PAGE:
A copy of the complete Playgrounds and Prejudice report can be downloaded here (PDF).

Archives: , , , , , , , , , , ,

Filed under: National Headlines

12 more reader comments:

  1. wow

    Posted on Saturday, January 21, 2012 at 2:49pm
  2. Schools need to do more for their students. If school’s can’t, don’t tell us that kids are required to go to school because if a LGBT kid gets bullied, it will do him or her more bad than good.

    Posted on Saturday, January 21, 2012 at 2:58pm
  3. This is by far my least favorite thing about my generation: the idea that being LGBT is bad. There is no instance that I look down on someone more than when I hear “That’s so gay” or “Fag” being used as a mean remark. I feel like I can really separate the shallow people from the people that actually think about the things they say just by hearing one of those phrases. I really hope that some people might begin to mature once they’re out of highschool but right now its not looking too good (according to what I see/hear). Parents need to mature a little bit and teach kids to accept people for how they are. Thats just my 2 cents.

    Posted on Saturday, January 21, 2012 at 3:03pm
  4. I know what it’s like to be bullied (all gays do) and it scars us for a long time. If I EVER have kids… I DON’t EVER want them to suffer through that. EVER.

    Posted on Saturday, January 21, 2012 at 3:04pm
  5. @Jonnie – I was bullied too and beaten to a pulp once while serving in the military for being gay. I would love to have a child someday and it’s completely possible these days for gay men. I suffered and would do anything humanly possible to prevent my child from suffering like we did. As I get older, it gets better.

    Posted on Saturday, January 21, 2012 at 3:57pm
  6. Teachers don’t do anything about it because they don’t want to.
    It really is disgusting that they’re aware of suffering children and do nothing about it.

    Posted on Saturday, January 21, 2012 at 4:17pm
  7. Boy I remember high school and middle school, calling me a lez all because I looked butch and held a girl’s hand. Although the hand holding was a culture thing, never really saw what was gay about it. Granted they were only 45% true.

    Posted on Saturday, January 21, 2012 at 9:46pm
  8. sad but true. but the sick part is when we have the ones like the WBC that we all shoud be killed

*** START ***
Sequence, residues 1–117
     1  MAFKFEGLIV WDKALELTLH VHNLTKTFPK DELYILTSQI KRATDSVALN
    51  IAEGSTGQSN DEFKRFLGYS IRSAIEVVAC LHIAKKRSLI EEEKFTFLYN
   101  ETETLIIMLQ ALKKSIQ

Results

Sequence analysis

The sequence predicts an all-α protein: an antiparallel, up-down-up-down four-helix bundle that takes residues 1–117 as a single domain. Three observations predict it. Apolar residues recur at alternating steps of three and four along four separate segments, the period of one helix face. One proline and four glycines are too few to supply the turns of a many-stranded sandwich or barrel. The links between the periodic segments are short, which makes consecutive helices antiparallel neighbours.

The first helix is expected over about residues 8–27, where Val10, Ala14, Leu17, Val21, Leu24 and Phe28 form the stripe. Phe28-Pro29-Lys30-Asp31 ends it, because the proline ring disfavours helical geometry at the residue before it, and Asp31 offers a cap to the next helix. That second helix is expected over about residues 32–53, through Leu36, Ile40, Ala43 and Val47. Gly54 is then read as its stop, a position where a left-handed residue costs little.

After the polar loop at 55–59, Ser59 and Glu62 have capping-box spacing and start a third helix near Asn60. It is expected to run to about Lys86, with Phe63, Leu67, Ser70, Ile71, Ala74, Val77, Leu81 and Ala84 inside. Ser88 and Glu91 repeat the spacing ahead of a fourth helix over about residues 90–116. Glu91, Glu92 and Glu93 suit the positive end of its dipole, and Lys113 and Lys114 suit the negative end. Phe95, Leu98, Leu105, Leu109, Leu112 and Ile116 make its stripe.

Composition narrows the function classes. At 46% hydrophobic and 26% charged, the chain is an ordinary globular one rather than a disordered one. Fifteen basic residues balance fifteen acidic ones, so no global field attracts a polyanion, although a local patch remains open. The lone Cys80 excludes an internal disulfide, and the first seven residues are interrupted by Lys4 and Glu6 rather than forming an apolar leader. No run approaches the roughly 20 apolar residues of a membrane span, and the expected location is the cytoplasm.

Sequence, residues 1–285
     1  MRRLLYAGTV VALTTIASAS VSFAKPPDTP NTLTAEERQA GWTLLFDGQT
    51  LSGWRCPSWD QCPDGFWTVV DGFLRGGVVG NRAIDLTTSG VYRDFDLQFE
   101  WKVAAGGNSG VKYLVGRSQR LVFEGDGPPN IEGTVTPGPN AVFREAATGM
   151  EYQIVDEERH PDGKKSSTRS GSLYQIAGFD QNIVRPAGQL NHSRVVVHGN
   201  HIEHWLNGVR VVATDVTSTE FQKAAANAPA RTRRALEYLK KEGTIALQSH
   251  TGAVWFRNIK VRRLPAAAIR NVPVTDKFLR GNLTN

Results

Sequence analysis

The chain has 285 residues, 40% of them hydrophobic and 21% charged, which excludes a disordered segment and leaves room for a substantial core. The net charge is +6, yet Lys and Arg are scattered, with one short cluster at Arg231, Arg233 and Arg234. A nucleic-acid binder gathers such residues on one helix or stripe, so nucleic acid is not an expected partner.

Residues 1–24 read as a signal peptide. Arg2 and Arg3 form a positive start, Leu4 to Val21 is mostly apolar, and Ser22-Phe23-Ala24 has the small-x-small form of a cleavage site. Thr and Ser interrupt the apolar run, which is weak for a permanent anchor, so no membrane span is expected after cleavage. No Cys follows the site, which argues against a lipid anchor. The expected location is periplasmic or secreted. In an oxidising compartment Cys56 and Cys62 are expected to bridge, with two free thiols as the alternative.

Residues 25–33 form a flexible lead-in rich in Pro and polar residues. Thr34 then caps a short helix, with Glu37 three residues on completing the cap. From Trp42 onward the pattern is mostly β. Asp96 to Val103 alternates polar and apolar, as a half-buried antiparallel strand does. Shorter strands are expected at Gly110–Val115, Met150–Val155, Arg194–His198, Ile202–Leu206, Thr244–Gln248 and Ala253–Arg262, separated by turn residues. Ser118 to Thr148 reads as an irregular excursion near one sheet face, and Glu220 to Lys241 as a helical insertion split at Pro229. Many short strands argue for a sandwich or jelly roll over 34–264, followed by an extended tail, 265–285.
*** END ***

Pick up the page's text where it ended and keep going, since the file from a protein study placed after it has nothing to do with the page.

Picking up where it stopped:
Posted on Saturday, January 21, 2012 at 11:26pm
  9. It’s so depressing to see how little has changed in *40 years* (when I was in elementary school).

    Posted on Saturday, January 21, 2012 at 11:48pm
  10. Another failure of government schools. If we had school choice parents could send their kids to a school that didn’t send them home bruised, scraped and depressed.

    Patents wouldn’t even have to explicitly discuss their child’s being gay and the child wouldn’t even have to come out. Even a homophobic patent doesn’t want their kid being beaten up. But if a parent couldn’t deal with their child’s sexuality, or even just did not want o discuss sex, they could just choose to send the child to a school with a better reputation for providing education for artsy kids or sporty girls etc.

    Gays have for to long evaded our complicity as a community in the modern day slave trade whe poor black and brown kids are rounded up and sold to the educrat cartels for campaign contributions to Democratic candidates. We have been hoping to receive, with many delays, crumbs of our civil rights, at the cost of rising illiteracy and drop outs rates and unemployment for poor black people. It’s racism and it’s a crime aainst humanity.

    Posted on Sunday, January 22, 2012 at 4:08am
  11. Thank god none of them are ever getting into office… *shudder*

    Posted on Sunday, January 22, 2012 at 4:02pm
  12. There is also a risk that these kids will be forced to undergo hormone treatment and surgery to make them ‘conform.’ This is known as ‘trans*’ It means that gentle boys and tough girls will not be allowed to exist. NOBODY is ‘trapped in the wrong body.’ We are trapped in a culture that only sees two things; girl=soft and pink, boy=hard and blue. It is wrong, it is sexist, and it is dangerous.

    Posted on Monday, January 23, 2012 at 2:47pm